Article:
Down deep, most of us really want to believe that “they” (the politicians or parties we habitually vote for, or the religious or other powerful leaders we truly respect or resonate with) are really honest good people. It’s those other ones who aren’t…or so we convince ourselves.
What if our generalization isn’t true?
A quote I have always remembered – well enough to easily google it successfully last evening – was from the New York Times Magazine October 17, 2004.
The article was Faith, Certainty and the Presidency of George W. Bush by Ron Suskind.
|Related commentaries begin with #387 and #389, thence continuing through this post. This series will likely continue, almost daily, through August 2, 2011.|
Six years later, in the late summer of 2008, this new reality came home to roost, and America itself virtually collapsed. We’re still paying the price.
While the “aide” is nowhere revealed by name (it is common to have such anonymous ‘background’ interviews), what is said bears the paw prints of none other than Karl Rove, a high-level White House aide to Bush who for many years has been expert in the trade of diversion, disrupt and confuse tactics in contemporary politics. As this “aide” says, Rove specializes, still, in “creating new realities”. It has worked spectacularly well. But it is a false reality.
Rove no longer has a White House office, but he is in a far more central and dangerous (in my opinion) position in the contemporary game of playing politics with peoples lives, and indeed the life of our very society. While likely supposedly independent of the Republican political operation he is backed by very big money and will be extraordinarily central to the entire Republican campaign in 2012, which has begun already with the pending chaos in Washington DC, the government shutdown in my own state, and the problems in neighboring Wisconsin and other states.
While such can never be proven, if there’s a dirty trick out there, odds are it will come from within Rove’s playbook for manipulating opinion.
I don’t underestimate Rove’s capacity for deviousness. Since I first started having an active interest in how Rove operates – it was July, 1999, when he co-starred with George W. Bush, Joe Albaugh and Karen Hughes in long profiles in the Washington Post long preceding the official 2000 political season – I’ve watched for evidence of his almost trade-marked dirty tricks, performed by he and his abundant disciples.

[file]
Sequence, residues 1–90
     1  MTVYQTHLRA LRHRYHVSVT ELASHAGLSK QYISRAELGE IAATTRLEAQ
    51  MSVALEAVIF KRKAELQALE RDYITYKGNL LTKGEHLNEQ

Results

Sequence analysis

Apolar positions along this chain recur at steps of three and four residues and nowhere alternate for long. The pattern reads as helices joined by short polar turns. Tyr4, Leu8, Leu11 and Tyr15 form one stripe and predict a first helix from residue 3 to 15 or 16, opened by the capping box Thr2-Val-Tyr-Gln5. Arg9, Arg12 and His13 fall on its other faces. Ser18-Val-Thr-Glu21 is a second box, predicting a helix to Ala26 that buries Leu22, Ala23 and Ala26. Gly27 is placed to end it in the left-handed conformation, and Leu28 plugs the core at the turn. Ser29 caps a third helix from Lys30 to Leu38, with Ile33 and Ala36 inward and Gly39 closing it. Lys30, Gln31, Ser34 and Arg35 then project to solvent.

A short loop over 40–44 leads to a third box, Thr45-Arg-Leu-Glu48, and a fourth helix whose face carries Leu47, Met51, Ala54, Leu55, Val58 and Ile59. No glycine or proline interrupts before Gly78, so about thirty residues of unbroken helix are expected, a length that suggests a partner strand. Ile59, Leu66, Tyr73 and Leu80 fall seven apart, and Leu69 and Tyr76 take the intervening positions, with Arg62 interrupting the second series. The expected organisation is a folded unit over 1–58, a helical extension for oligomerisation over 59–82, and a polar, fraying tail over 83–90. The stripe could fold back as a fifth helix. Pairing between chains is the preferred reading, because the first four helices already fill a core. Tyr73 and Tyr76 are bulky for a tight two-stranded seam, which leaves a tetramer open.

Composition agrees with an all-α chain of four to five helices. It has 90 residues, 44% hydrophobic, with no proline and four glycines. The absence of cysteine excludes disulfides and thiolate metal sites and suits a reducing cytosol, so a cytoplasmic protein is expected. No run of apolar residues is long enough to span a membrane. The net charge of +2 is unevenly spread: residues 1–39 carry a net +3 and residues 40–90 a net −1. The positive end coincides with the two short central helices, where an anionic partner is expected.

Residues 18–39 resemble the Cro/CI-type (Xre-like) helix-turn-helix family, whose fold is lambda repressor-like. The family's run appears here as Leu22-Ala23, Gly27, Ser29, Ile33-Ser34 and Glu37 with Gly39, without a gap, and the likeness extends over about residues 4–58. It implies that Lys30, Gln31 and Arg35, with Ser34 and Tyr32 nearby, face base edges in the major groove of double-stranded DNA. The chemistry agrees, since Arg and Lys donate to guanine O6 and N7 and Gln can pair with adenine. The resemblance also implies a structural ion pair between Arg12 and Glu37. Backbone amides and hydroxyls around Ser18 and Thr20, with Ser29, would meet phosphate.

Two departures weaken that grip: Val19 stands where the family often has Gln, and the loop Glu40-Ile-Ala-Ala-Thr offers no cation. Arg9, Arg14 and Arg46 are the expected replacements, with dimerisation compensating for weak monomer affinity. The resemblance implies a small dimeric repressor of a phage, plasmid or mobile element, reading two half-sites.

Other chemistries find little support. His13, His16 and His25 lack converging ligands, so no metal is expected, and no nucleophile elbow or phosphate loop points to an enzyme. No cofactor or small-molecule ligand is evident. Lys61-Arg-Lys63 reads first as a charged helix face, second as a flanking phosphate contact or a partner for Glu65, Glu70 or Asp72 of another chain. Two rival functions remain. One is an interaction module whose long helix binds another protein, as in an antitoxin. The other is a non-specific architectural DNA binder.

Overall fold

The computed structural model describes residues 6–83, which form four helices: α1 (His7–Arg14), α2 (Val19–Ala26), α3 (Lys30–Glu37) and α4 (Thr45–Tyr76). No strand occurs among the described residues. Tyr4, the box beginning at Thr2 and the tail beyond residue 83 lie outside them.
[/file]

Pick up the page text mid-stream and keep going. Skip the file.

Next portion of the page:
His has always been an amoral world. Politics is considered psychological warfare. I would suppose Rove goes to church somewhere, sometime – certainly a Christian one – and I am quite sure he can disconnect his “professional” life from his personal. After all, if a carnie huckster can flim flam a rube out of a few dollars, why not a larger scale flim flam with a much larger number of rubes who can be made to believe almost anything.
There is a big problem with mythical realities as opposed to more genuine ones: mythical realities don’t exist other than in the minds of those who believe in them, and when the dream turns out to be bogus, its too late to do anything about it.
We are so awash in political lies that it is prudent to take at face value nothing which emanates in the political sphere that purports to be true. The false reality is slowly built, insinuation by insinuation; dirty trick by dirty trick. If your official source of political information is television ads, or talk radio, there is little chance of getting some kind of objective truth.
I don’t possess a magic wand for dealing with this problem, except to recommend being very skeptical. The coming year and a half we will be awash in huge amounts of money expended by shadowy PACs on convincingly put together lies about those they favor, and those they wish to destroy.
In the end, we’ll be the beneficiary, or the victim, of decisions we make.
It’s in our court.